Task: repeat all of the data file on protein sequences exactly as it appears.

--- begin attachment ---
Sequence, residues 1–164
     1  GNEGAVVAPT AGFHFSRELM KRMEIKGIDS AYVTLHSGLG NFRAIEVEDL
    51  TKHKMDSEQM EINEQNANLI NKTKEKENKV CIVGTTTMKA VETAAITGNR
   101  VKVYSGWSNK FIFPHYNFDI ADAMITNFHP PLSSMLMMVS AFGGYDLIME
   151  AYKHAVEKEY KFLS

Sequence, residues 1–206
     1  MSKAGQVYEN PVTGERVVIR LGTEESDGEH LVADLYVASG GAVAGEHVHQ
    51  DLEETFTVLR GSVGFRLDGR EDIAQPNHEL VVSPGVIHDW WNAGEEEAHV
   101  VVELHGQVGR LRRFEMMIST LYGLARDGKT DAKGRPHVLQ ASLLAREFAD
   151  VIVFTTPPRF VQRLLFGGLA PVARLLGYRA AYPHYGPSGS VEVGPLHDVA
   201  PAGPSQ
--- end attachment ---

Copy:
Sequence, residues 1–164
     1  GNEGAVVAPT AGFHFSRELM KRMEIKGIDS AYVTLHSGLG NFRAIEVEDL
    51  TKHKMDSEQM EINEQNANLI NKTKEKENKV CIVGTTTMKA VETAAITGNR
   101  VKVYSGWSNK FIFPHYNFDI ADAMITNFHP PLSSMLMMVS AFGGYDLIME
   151  AYKHAVEKEY KFLS

Sequence, residues 1–206
     1  MSKAGQVYEN PVTGERVVIR LGTEESDGEH LVADLYVASG GAVAGEHVHQ
    51  DLEETFTVLR GSVGFRLDGR EDIAQPNHEL VVSPGVIHDW WNAGEEEAHV
   101  VVELHGQVGR LRRFEMMIST LYGLARDGKT DAKGRPHVLQ ASLLAREFAD
   151  VIVFTTPPRF VQRLLFGGLA PVARLLGYRA AYPHYGPSGS VEVGPLHDVA
   201  PAGPSQ